MYTH: Is it OK to fill full tank petrol in summer?

Updated on Jul 01 2018

MYTH: Is it OK to fill full tank petrol in summer?

People seemed to be more worried due to this problem than the summer heat last year. Several versions of a message asking people not to fill full tank fuel in their vehicles spread across the country. One version even claimed to be a direct warning from Indian Oil Corporation Ltd. Some of the messages and posts were accompanied by pictures of vehicles burned in fuel tank explosions. This is not the first time this myth has created panic.

MYTH: A full tank fuel tank will explode in summer.

The story: There are several misconceptions behind the popularity of this myth. Some think that the temperature could be that high, where it is enough for fuel to catch fire. Others think the heat will cause fuel to expand. Since the tank is full, there is no room for it to expand, causing it to explode. In all cases, readers assume that more the fuel in the tank, bigger the explosion.

THE TRUTH: It’s a false belief. We will break the above cases one by one.

The highest recorded temperature on earth is 56.7 degree (link). The auto ignition temperature(temperature at which an object catches fire without external source or flame) for petrol is nearly 247 degree C, which means petrol in the tank is not going to catch fire until you are driving through a place where the temperature is around 250 degree C.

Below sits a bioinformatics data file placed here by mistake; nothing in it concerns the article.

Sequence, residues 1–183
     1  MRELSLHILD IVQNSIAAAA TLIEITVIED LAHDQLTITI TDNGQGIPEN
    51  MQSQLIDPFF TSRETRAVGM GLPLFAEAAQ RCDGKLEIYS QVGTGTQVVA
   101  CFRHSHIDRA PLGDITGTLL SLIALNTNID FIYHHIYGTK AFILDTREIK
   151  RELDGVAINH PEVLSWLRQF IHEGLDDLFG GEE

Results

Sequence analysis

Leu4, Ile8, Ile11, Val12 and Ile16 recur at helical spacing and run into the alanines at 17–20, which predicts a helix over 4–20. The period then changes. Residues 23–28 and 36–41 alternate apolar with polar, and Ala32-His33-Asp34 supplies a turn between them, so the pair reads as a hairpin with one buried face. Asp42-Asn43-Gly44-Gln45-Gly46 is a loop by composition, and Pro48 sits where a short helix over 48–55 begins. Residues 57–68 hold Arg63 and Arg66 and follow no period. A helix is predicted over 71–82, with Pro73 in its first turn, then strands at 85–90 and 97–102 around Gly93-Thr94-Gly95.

All car manufacturers take utmost care and perform multiple rounds of testing to prevent any kind of mishap which includes safety of fuel tank. Also, the tanks are not air tight as some assume. There will be enough air supply so that it can take up the empty space as the vehicle consumes fuel.

In fact, it is safer to have a full tank of petrol. Here’s why? The Fuel to air ratio for a fair ignition for petrol is 1:15, which means it needs air 15 times that of fuel for a proper burning. Lesser the oxygen, smaller the fire. By any chance, your tank is to catch fire, it would be better to have a full tank as it would limit the air supply to a minimum, keeping the fire to the lowest possible level.